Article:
“Everyone assumes John’s strength is in musicals,” Stern says. “But his strength is as a storyteller. It doesn’t have to be in music.”
In a recent conversation, the British director underscored this point: “I’ve done many more plays than musicals, and the musicals I’ve done have always been looking at things from a different angle. That’s generally my way of working.”
Stern was the first American producer to invite Doyle to direct at a regional theater, even before his much-lauded staging of Sweeney Todd moved from London to Broadway, where Doyle won his first Tony Award. While Doyle was in Cincinnati in 2006, Stern invited him to return to direct a play. Learning that Doyle loved Chekhov and especially Three Sisters, Stern approached award-winning playwright Sarah Ruhl (The Clean House, Eurydice, Dead Man’s Cell Phone) about creating a new script.
Her quick “yes” was in part because Doyle would direct.
“I’d read some of her scripts,” Doyle says, “and I really liked her and who she was as a human being. I could reflect from her the stuff that was required — the melancholy, the lyricism, the enjoyment of words.”
He instinctively felt Ruhl would create a script he’d like to direct. “I could see that she would do something that sounded like these people,” he says.
Doyle says her script uses more contemporary language “that’s leaner, not so verbose, perhaps a little more humorous than people might expect.”
Doyle strives to establish connections between his characters and audiences. “These people are you and me, not remote Russians,” he says. “It’s not set in our time, but it will have enough imagery to make it feel like it could be our time.”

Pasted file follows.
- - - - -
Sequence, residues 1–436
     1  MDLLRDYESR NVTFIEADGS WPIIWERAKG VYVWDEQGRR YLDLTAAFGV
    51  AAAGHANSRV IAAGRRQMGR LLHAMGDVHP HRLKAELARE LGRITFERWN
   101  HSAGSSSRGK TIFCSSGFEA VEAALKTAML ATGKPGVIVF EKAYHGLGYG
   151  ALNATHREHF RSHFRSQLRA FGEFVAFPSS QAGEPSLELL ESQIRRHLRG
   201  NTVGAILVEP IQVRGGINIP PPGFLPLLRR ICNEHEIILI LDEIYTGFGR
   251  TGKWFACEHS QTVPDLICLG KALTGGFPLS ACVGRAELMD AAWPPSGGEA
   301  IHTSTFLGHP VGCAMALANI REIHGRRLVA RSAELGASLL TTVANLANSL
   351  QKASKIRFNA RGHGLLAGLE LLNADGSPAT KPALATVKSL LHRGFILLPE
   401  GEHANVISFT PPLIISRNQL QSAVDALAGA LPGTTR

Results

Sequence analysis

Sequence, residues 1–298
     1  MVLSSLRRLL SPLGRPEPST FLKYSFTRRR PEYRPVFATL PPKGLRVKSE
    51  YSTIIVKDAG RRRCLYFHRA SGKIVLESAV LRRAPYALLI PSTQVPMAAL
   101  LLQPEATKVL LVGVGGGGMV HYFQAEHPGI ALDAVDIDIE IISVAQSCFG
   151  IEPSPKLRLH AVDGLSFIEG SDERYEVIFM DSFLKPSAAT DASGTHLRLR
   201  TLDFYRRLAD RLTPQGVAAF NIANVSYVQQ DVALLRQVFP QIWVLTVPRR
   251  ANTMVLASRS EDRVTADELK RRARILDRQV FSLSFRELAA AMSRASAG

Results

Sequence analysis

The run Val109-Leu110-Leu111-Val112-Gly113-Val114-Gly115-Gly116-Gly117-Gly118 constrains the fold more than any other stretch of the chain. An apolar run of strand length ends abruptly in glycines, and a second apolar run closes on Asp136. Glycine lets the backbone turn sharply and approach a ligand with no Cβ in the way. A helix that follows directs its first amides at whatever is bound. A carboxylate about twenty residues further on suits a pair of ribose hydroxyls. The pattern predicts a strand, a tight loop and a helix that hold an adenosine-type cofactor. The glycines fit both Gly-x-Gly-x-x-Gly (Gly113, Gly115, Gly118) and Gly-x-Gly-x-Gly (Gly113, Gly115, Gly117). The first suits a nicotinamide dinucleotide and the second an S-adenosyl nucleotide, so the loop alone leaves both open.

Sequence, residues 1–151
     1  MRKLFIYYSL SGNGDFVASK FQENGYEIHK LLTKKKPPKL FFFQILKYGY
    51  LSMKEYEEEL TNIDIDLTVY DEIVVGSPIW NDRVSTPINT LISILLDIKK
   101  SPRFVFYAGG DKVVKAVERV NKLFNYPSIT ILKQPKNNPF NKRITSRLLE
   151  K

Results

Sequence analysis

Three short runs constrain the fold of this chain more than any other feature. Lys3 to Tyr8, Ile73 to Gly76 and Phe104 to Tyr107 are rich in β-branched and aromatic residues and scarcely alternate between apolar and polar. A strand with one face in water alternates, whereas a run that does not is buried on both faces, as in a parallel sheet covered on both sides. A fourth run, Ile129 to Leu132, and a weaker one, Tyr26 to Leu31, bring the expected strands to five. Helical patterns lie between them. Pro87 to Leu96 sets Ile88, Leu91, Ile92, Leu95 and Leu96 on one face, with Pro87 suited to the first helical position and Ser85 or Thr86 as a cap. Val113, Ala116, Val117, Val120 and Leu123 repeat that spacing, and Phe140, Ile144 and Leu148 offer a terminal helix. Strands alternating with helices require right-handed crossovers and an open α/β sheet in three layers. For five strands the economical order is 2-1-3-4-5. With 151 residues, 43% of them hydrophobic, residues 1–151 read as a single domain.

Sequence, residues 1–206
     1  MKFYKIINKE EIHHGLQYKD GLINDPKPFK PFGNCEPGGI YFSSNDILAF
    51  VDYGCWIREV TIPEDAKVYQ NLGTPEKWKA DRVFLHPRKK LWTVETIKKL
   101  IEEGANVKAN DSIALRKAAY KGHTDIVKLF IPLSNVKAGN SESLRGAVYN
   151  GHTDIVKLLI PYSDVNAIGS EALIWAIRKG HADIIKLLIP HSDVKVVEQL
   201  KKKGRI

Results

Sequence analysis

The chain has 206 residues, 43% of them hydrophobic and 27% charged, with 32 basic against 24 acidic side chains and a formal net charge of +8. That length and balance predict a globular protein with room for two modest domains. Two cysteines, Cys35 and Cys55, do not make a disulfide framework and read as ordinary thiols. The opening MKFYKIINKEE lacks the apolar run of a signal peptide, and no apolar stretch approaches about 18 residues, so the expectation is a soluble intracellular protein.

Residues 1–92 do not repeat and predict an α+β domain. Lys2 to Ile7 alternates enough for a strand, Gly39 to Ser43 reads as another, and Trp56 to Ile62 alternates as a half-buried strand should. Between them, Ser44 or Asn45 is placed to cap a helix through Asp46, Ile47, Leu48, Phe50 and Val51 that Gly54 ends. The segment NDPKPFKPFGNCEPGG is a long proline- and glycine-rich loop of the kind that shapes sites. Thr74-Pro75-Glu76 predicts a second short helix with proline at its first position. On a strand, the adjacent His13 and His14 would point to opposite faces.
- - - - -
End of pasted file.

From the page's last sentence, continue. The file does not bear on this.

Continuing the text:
First and foremost, as Stern said last spring, Doyle is a born storyteller.
“I always approach everything as if it’s never been told before,” Doyle points out. He engages his entire cast in this process, challenging each actor to understand how his or her character contributes to the story being told, in addition to being part of a larger human process in the theater.
“We are a group of human beings who are telling a story,” Doyle says. “It makes us all the same. It puts us all around the same altar at the same time.”
Asked about future prospects for this production — loaded with Broadway-tested talent, including several Tony winners and nominees — Doyle simply says, “It would be very nice, but that’s not why we’re here.”
A modest man, Doyle is surprised by the many artistic opportunities that have recently come his way, including productions at the Metropolitan Opera and Los Angeles Opera.
“I never expected that journey at this point,” he says, “and I have no expectations of this one.” But we can expect a grand piece of theater when Three Sisters opens this week.
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